I knew Sue before I knew about her baby, Thomas. Then I found out about Thomas, and that Sue had written a book about him, and her experience of having a baby born who could not live once he was born. This book was born out of her need to write her thoughts down, her desire to remember every thing she possibly could of her child's brief life, and also, for her children to share their memories of their baby brother. "I wanted to make a permanent record of Thomas' short life and the effect it had on our own lives. I am so glad we had you. I wrote your story as a sign of our love."
For those who hope to comfort, it is an honest account. For those who have walked this path already - of having an infant child die, maybe within hours of birth - it will comfort, because of how honest it is: pain so painful is somehow more bearable when shared.
Still on life issues over in the US Fr J Bryan Hehir asks what would the late Fr John Courtney Murray SJ have to say about today's moral battles over abortion, or the controversy surrounding the mandate that requires Catholic institutions to pay for contraception for their employees?
Meanwhile, on another hot button issue, 50 Catholic theologians have signed a statement calling for more US regulation of lethal weapons:
All Americans share responsibility for public safety. This requires reasonable measures to regulate the sale and use of lethal weapons. As faithful citizens – Catholic theologians, priests, sisters and social justice advocates – we join our bishops, the Catholic Health Association and Catholic Charities USA in calling for common-sense reforms to address the epidemic of gun violence in our nation. Pro-life citizens and elected officials have a responsibility to show greater moral leadership and political courage when it comes to confronting threats to the sanctity of life posed by easy access to military-style assault weapons and high capacity magazines.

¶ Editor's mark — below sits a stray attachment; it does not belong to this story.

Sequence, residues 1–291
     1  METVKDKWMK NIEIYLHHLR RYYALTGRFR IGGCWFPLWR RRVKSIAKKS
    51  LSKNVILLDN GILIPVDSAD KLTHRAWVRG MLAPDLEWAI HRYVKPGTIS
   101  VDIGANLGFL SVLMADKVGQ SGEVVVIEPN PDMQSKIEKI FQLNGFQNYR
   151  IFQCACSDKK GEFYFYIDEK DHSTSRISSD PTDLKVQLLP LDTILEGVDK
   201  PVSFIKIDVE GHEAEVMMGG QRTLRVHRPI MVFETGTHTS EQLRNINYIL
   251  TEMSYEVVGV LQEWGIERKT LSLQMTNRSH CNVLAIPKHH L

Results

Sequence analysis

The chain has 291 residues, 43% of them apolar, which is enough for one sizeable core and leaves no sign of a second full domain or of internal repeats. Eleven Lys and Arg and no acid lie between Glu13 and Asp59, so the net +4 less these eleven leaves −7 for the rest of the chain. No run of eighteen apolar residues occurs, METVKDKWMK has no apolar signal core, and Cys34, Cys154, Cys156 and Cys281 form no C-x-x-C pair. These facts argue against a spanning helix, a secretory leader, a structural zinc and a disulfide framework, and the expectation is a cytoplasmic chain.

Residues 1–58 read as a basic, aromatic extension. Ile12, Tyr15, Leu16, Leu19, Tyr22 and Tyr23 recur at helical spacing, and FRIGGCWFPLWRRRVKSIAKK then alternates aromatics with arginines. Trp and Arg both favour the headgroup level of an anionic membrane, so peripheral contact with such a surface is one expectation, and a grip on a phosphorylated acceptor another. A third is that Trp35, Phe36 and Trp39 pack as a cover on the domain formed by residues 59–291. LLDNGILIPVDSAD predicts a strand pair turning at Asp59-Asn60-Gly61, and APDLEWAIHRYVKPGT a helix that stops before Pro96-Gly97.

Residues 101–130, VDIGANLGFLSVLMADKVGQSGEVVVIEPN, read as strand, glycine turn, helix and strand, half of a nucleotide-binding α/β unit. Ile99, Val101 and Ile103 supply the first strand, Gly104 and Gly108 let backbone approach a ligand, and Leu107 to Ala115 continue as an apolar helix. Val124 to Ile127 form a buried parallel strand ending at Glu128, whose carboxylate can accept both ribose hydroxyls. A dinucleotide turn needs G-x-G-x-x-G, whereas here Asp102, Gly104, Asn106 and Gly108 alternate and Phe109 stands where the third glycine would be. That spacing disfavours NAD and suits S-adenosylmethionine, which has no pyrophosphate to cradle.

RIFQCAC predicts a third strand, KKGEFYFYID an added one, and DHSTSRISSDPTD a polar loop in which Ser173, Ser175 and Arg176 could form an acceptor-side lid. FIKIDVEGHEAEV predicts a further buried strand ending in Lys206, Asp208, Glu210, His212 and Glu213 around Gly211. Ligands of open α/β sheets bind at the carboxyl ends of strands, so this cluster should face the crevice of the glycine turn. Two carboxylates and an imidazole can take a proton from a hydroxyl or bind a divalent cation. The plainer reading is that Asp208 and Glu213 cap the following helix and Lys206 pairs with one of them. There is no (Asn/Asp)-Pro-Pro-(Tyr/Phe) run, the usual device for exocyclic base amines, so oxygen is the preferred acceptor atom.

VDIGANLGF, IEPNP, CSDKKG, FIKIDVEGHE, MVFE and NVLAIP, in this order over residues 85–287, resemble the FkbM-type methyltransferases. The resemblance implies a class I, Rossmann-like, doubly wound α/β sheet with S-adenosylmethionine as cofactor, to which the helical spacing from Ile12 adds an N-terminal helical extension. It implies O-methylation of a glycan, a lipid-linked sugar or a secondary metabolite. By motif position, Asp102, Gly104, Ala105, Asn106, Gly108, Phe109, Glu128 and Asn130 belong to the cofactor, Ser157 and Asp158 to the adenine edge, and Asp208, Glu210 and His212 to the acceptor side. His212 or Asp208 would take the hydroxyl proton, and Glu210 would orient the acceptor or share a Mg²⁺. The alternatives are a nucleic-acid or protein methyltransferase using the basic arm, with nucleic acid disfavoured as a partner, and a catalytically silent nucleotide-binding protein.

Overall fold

We especially encourage our fellow Catholics in Congress, including prominent leaders such as House Speaker John Boehner, to stand up to the National Rifle Association and other gun lobbyists who choose to obstruct sensible reforms.
Moving to another area of moral concern, Mark Shea reflects on the difference between capitalist and distributist economic theories: